Korean Minjok Leadership Academy
||This school-related article may require cleanup to meet Wikipedia's quality standards. The specific problem is: article needs reliable sources; grammar correction. (December 2012)|
|Korean Minjok Leadership Academy
Deep Awareness of the Heritage of Our People
(민족 주체성 교육)Korea in Heart, World in Mind
|Hoengseong, Gangwon province
|Head of school||Chung-il Yun, Ph.D.|
|Number of students||459  (2012)|
|Student to teacher ratio||7:1|
|Campus||Rural, 1,274,350 square metres (314.90 acres)|
|Website||English / Korean|
|Korean Minjok Leadership Academy|
Korean Minjok Leadership Academy (KMLA; Korean: 민족사관고등학교, Hanja: 民族史觀高等學校; Minjok Sagwan Godeunghakgyo, literally "race academy") is a co-educational, independent boarding high school near the town of Hoengseong, Gangwon, South Korea, 120 kilometers (75 mi) east of Seoul at an elevation of 600 meters (1,900 feet). Located on 1.27 square kilometers (314 acres), it is one of the largest institutions in terms of contiguous area in the nation. One of the selective secondary boarding schools in South Korea, KMLA is reputable for the placement of its graduates at eminent universities. KMLA is a member of the G20 Schools group.
- 1 Description
- 2 History
- 3 School life
- 4 References
- 5 Further reading
- 6 External links
Some of KMLA's characteristics and policies are as follows:
- Support for the teachers' academic research;
- English-Only Policy, which requires every student and teacher to use English during the school hours, except in Korean language and Korean history classes;
- Individual college counseling for students regardless of field;
- Daily physical training (morning exercise) in forms of Taekwondo and Kumdo;
- Promotion of classes and clubs for Korean traditional music and arts, including Samul Nori, Daegeum, and Gayageum;
- Individual Research (IR) hours granted within the regular curricula;
- Unsupervised examination policy;
- Wide variety of clubs including athletic teams, orchestra, school bands, community service groups, student publications, craft workshop sessions, and peer tutoring.
The admission process of KMLA goes through three steps — a first round selection of students is admitted based on application forms containing school grades, essay, and extra curricular activities. Selected students then go through a writing test, an interview, and a physical test (4 km track); those who achieve generalized top evaluations are admitted. Throughout school history, KMLA students have received awards in international competitions such as in Olympiads in science, mathematics, debating and philosophy. Approximately half of the graduates enroll in foreign universities, mostly in the United States. The annual cost of attending KMLA is estimated to be $15,800 (2008).
School founder Choi Myung-Jae found reason in establishing KMLA upon a visit to England's Eton College in 1977, feeling the need for an institution of high character to nurture future global leaders in Korea.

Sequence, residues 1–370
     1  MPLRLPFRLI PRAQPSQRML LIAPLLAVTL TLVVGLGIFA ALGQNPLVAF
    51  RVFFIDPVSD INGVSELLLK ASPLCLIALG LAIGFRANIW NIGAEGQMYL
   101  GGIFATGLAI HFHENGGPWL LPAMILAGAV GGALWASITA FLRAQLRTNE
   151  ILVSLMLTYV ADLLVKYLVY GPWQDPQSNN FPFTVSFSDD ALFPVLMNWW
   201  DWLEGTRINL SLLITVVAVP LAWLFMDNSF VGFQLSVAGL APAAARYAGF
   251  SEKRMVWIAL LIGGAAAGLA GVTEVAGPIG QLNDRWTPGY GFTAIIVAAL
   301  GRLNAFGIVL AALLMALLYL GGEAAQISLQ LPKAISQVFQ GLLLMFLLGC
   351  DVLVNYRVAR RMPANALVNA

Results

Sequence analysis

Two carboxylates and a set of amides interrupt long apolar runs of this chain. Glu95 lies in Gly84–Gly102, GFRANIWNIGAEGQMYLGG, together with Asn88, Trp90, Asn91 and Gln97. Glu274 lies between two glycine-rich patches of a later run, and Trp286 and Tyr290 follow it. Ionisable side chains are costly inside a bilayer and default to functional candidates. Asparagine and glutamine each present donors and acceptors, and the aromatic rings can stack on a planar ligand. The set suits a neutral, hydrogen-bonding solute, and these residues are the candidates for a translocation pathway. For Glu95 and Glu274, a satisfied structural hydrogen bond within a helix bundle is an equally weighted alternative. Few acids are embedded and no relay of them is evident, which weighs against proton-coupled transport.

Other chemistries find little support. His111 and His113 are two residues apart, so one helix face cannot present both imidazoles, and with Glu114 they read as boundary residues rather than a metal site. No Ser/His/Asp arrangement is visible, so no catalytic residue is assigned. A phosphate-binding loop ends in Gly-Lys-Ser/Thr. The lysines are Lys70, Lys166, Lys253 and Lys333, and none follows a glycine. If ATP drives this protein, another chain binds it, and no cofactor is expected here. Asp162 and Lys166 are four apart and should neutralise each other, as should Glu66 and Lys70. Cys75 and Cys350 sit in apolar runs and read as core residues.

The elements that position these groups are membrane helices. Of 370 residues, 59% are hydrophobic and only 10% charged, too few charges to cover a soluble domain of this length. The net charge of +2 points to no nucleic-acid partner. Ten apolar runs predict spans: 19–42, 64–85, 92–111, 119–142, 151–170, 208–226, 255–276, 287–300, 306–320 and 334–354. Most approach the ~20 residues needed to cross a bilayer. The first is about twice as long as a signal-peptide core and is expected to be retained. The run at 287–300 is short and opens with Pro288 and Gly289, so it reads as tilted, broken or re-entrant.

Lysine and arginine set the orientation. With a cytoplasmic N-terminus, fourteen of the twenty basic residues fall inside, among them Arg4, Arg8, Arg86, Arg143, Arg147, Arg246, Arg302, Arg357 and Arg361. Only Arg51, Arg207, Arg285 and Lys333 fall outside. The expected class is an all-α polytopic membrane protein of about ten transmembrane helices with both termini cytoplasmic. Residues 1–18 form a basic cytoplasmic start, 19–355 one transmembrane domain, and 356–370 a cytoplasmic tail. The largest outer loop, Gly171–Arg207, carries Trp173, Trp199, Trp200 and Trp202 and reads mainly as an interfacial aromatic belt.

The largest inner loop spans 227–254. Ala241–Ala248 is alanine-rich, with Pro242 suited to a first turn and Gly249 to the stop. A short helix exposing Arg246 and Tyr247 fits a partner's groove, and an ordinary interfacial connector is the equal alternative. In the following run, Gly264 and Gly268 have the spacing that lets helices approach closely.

Choi received government permission to establish the school in 1993. The first headmaster and faculty were appointed on 1 March 1995, and the school received its first students a year later. The gym was completed in December 1996, and Dasan Hall (one of the two main school buildings) was completed the following year.
The school's `English-only policy' (EOP) was established in January 1997 and was applied to all areas of the school except a few non-English classes. In the same year, Choi was appointed school director. In 1998, the school's three step education policy of teaching-discussion-writing was institutionalized, the first elections for the student council were held, and the Minjok Herald was first published. In 1999, the graduation of the first wave was held and the twelve-floor dormitory was completed. In 2000, Choi Kyung-Jong was appointed director.
In 2001, the school was certified as an Educational Testing Service AP test center and designated as an experimental independent private school by the South Korean government. In 2002, founder Choi Myung-Jae took office as the fourth headmaster. In 2003, the school held its first mathematics competition for middle school students, and the former minister of education, Lee Don-Hee was appointed headmaster that August. In 2004, the school inaugurated the Global Leadership Program for Students (GLPS), established an individual research program, and achieved certification to administer the SAT and PSAT.
In 2007, KMLA was highlighted by the US College Board as a World Best School in the Advanced Placement Program in seven subjects expanded from four subjects the year before—calculus, chemistry, microeconomics, macroeconomics, physics, and statistics. That same year, the Wall Street Journal listed the school's international program at No. 32 among schools that matriculated students to eight most-selective American colleges and universities. The school has an average SAT score of 2260.